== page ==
AMERICAN POLITICS & PUBLIC POLICY WORKSHOP
Abstract: Despite decades of declining crime rates, longstanding tensions between police and the public continue to frustrate the formation of cooperative relationships necessary for the function of the police and the provision of public safety. In response, policy makers continue to promote community-oriented policing (COP) and its emphasis on positive, non-enforcement contact with the public as an effective strategy for enhancing public trust and police legitimacy. Prior research designs, however, have not leveraged the random assignment of police-public contact to identify the causal effect of such interactions on individual-level attitudes toward the police. Therefore, the question remains: Do positive, non-enforcement interactions with uniformed patrol officers actually cause meaningful improvements in attitudes toward the police? Here, we report on a randomized field experiment conducted in New Haven, CT, that sheds light on this question and identifies the individual-level consequences of positive, non-enforcement contact between police and the public. Findings indicate that a single instance of positive contact with a uniformed police officer can substantially improve public attitudes toward police, including legitimacy and willingness to cooperate. These effects persisted for up to 21 days and were not limited to individuals pre-disposed to trust and cooperate with the police prior to the intervention. This study demonstrates that positive non-enforcement contact can improve public attitudes toward police and suggests that police departments would benefit from an increased focus on strategies that promote positive police-public interactions.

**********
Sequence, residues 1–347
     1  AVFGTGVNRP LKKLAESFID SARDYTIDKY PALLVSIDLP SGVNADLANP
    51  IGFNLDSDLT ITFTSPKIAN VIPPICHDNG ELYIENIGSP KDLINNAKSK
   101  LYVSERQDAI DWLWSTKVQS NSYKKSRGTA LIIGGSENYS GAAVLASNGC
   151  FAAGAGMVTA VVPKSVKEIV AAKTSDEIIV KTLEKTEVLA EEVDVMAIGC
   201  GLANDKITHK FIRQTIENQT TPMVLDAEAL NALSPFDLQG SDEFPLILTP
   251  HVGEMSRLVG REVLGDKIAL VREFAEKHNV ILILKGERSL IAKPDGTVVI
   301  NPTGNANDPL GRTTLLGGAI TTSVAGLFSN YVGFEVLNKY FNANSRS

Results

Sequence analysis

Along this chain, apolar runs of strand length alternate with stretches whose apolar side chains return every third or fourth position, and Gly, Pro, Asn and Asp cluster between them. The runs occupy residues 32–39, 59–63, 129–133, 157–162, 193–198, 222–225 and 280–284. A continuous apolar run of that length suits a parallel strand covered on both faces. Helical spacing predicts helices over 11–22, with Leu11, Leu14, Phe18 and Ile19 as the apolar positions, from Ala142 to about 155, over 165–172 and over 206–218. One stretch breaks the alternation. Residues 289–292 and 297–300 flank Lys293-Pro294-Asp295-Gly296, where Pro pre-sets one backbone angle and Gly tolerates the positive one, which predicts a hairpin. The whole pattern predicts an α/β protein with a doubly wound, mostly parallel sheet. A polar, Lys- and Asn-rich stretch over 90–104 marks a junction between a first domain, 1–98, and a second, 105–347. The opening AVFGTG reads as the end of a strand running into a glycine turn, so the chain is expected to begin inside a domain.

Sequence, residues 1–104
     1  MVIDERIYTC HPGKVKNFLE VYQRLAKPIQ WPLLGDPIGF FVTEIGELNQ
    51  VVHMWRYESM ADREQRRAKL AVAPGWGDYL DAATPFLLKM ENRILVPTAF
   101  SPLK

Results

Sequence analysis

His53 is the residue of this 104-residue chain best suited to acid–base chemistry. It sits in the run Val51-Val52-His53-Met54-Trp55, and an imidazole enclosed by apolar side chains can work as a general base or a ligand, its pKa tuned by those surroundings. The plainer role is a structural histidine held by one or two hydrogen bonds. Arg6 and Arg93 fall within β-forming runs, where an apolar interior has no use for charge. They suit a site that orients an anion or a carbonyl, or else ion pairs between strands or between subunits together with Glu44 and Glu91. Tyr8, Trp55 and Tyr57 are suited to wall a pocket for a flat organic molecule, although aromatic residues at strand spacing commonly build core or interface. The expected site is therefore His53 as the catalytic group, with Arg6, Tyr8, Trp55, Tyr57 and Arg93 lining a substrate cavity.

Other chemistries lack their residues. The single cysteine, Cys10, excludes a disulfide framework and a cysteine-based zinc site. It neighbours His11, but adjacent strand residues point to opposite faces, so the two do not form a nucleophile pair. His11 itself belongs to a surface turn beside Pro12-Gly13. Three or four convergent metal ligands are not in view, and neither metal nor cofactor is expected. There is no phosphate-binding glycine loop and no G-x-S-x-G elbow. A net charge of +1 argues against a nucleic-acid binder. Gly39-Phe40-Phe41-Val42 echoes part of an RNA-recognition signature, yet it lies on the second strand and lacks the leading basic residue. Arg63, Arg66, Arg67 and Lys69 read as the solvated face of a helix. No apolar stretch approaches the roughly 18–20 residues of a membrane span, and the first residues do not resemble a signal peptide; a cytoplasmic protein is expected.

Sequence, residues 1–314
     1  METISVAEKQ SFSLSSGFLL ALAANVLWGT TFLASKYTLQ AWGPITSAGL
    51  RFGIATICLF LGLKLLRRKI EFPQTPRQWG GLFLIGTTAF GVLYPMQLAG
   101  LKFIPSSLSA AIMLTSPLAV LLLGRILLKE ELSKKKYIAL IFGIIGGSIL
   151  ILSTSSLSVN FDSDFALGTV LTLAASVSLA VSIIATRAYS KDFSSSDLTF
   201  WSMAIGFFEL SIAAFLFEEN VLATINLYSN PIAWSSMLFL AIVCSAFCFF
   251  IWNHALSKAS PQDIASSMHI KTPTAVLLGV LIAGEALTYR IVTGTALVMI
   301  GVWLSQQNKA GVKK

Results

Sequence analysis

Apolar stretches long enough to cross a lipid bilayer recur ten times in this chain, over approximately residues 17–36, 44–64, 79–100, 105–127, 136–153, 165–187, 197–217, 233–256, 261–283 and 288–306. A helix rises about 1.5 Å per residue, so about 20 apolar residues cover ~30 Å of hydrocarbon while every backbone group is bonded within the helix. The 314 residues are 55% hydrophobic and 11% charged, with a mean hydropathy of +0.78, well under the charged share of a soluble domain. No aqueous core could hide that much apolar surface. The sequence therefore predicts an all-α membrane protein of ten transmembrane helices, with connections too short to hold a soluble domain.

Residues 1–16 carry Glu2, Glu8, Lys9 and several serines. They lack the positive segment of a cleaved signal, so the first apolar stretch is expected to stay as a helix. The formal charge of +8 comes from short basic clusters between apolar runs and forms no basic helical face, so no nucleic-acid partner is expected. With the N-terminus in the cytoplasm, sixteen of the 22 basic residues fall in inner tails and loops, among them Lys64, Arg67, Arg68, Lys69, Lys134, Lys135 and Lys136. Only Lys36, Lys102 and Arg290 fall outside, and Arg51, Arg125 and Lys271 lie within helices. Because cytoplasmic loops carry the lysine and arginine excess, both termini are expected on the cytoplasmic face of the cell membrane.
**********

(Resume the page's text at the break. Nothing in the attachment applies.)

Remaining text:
Kyle Peyton is a PhD candidate in the Department of Political Science at Yale University and a Graduate Affiliate in the Institution for Social and Policy Studies. His research studies topics at the intersection of social psychology, politics, and public policy, primarily through the use of randomized experiments and field research. He has an MA in Statistics and Data Science from Yale, and an undergraduate degree from the Quinlan School of Business at Loyola University Chicago. Before graduate school, Kyle worked in social policy research as a Research Fellow in the Melbourne Institute of Applied Economics and Social Research at the University of Melbourne.
This workshop is open only to Yale faculty, students, and professional staff.